ATLANTA – A black state official from a heavily black and Democrat county in Georgia announced her move from the Democratic Party to the Republican Party.

Rep. Mesha Mainor of District 56 in Atlanta made the announcement July 11 outside the state Capitol.

“I didn’t leave the Democratic Party, the Democratic Party left me when it embraced leftism and lawlessness and put the interests of illegal immigrants ahead of the interests of Americans,” she said. “I don’t have to apologize for anything.”

Mainor, first elected to the seat in 2020, shocked Democrats with multiple votes during the 2023 legislative session.

She controversially voted with the Republican majority for the “School Voucher Act,” which would have given parents up to $6,500 for education-related expenses and non-public schools.

“I support school choice, parental rights and opportunities for students to thrive, especially those who are marginalized and in a failing school,” Mainor said in a video she posted to social media in May. “Democrats in the Capitol took a hard line and demanded that all Democrats vote against children and for the teachers’ union. I voted yes for the parents and yes for the children. Not for failing schools.”

While the school voucher bill failed to pass either house by the end of the legislative session, Mainor also voted to move forward with the bill creating the Oversight Commission for District Attorneys.

The commission — which is appointed through senior positions currently held by Republicans — has the power to discipline, fire, and arrange for their involuntary retirements for appointed or elected district attorneys and attorneys general.

Before the vote, Mainor said the bill draws attention to a “neglected issue” of prosecutors abusing their office to help friends and claiming they don’t have the time or resources to hear specific crimes or cases.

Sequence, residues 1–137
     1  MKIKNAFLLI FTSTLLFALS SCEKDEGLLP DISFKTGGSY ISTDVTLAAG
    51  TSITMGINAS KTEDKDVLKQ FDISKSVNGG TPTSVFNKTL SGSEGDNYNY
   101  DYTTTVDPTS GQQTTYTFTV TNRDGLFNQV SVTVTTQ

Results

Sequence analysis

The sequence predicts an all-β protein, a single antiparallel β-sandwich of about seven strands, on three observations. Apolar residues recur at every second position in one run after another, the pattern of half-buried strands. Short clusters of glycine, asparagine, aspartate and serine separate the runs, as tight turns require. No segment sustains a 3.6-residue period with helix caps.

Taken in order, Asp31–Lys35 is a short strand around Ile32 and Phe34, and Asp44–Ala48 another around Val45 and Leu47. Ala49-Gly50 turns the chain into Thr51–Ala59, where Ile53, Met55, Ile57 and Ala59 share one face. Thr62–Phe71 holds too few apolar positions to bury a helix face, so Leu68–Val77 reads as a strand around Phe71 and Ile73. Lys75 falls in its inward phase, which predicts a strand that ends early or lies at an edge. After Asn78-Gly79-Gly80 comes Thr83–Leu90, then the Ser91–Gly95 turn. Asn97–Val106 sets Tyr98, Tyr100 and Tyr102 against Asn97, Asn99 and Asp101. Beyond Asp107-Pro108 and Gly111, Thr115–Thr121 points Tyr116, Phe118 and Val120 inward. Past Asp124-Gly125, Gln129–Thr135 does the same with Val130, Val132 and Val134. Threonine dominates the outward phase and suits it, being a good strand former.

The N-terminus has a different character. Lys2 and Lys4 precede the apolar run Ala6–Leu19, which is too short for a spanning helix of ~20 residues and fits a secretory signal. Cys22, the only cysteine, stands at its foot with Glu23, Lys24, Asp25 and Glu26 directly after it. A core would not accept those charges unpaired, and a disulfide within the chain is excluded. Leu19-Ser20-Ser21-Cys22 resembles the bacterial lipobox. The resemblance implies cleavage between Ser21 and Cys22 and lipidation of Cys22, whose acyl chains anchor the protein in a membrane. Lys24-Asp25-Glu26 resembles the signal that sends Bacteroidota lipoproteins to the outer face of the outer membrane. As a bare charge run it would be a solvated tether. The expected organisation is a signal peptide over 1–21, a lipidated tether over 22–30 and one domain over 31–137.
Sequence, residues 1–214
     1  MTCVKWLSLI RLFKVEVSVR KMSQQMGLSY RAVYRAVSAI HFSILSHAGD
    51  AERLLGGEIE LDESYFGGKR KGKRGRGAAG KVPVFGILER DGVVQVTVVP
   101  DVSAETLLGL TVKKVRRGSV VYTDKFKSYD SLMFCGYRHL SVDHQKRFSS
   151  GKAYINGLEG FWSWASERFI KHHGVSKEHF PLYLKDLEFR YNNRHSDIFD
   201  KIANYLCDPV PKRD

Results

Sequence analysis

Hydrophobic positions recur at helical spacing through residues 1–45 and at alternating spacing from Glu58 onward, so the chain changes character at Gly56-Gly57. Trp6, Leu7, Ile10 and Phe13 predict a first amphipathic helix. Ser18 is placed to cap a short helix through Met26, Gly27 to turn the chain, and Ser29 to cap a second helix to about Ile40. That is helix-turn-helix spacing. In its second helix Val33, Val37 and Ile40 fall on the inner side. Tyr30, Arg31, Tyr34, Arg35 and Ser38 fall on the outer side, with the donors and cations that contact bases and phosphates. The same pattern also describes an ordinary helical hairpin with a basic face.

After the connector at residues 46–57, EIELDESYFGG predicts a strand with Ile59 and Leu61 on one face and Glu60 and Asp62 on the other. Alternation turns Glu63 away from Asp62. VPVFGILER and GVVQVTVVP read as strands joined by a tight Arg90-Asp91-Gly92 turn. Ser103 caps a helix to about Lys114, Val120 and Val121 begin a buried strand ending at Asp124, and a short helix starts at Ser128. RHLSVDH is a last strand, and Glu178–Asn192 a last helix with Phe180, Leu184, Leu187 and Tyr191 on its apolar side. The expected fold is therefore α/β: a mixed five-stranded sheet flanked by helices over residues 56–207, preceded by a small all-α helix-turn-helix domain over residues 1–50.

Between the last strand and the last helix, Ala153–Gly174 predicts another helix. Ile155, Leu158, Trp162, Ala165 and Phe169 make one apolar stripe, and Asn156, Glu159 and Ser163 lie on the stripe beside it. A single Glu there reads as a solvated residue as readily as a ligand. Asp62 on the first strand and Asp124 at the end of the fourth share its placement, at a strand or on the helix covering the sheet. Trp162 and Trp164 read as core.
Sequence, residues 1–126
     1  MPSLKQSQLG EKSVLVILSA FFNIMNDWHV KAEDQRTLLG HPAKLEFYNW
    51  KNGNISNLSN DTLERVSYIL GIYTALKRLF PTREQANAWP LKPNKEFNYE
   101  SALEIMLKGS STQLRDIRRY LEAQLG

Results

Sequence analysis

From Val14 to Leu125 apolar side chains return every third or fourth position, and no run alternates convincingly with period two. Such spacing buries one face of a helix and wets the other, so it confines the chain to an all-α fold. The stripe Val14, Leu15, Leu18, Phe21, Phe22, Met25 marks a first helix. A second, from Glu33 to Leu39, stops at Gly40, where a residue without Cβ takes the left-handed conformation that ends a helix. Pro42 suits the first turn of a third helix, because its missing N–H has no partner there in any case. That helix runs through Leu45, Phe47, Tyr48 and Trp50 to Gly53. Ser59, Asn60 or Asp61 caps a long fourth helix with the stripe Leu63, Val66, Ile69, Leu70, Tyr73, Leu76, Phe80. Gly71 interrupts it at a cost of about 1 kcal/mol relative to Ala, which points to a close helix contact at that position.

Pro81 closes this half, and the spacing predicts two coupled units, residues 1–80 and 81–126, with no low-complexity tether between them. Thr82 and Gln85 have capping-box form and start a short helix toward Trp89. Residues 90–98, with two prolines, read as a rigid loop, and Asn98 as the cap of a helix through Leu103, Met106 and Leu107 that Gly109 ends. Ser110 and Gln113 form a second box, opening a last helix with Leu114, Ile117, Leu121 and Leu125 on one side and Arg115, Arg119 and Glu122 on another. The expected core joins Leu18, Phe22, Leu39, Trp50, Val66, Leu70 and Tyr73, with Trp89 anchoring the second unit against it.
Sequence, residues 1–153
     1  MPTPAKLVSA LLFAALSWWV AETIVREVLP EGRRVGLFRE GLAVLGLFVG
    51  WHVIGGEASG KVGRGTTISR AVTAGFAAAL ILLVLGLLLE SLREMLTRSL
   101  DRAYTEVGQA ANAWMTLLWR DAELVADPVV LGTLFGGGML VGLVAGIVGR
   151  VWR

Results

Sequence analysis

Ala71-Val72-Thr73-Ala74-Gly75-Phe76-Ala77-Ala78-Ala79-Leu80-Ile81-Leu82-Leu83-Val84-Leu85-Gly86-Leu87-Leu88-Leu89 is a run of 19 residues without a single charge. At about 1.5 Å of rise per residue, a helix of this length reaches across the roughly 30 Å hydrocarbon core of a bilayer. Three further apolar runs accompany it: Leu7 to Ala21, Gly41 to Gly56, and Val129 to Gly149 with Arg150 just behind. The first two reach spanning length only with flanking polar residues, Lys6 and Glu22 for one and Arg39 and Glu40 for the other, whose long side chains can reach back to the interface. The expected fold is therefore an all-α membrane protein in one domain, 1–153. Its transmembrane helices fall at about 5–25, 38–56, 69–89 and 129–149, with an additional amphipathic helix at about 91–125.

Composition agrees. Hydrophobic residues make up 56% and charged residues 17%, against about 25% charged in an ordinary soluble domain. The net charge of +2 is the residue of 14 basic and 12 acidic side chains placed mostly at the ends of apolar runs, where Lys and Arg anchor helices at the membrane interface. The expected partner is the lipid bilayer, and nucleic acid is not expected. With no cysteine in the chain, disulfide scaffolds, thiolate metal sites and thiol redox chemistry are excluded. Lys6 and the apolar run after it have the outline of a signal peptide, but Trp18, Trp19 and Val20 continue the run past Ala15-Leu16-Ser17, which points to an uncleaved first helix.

“Their power is traumatic when used inappropriately and carelessly,” she said.

Democrats opposed the bill, claiming it would be used to unfairly target Democratic district attorneys in the state and limit their ability to exercise prosecutorial discretion.

In her May video, Mainor claimed some Democrats would offer checks for $1,000 to anyone who would run against them.

“Every election year I listen to Black Lives Matter, but do they?” Mainor said. “I see that every other minority has priority, except black children who live in poverty and cannot read.”

Mainor said on Twitter, “I will NEVER apologize for being a black woman with a mind of my own.”

Newly elected Georgia Republican Party leader Josh McKoon welcomed Mainor to the GOP following her announcement. Mainor’s followers on Twitter grew exponentially within 24 hours of her announcement, from well under 10,000 followers to almost 30,000.

“We are pleased to welcome Rep. Mainor to the Georgia Republican Party and look forward to working with her to advocate for hard-working Georgians,” said McKoon. “Our party is committed to empowering parents to be committed to providing their children with the best possible education so that every Georgian can feel safe at home, at work and at school. and having the economic opportunity to build a better life.”

News of Mainor’s move was greeted positively by other members of the Georgia GOP, which saw division by former President Donald Trump’s failed 2020 re-election bid.

Georgia Gov. Brian Kemp was booed during his speech at the state’s GOP convention last year. Secretary of State Brad Raffensperger was reprimanded for his famously refusing to heed pressure from Trump to overturn Georgia’s 2020 election results, confirming Trump’s defeat of President Joe Biden by about 10 percent by 12,000 votes.

Vernon Jones, a black man, campaigned with Trump’s support for governor against Kemp in 2022; Most notably, he is also a former Georgia Democrat-turned-Republican.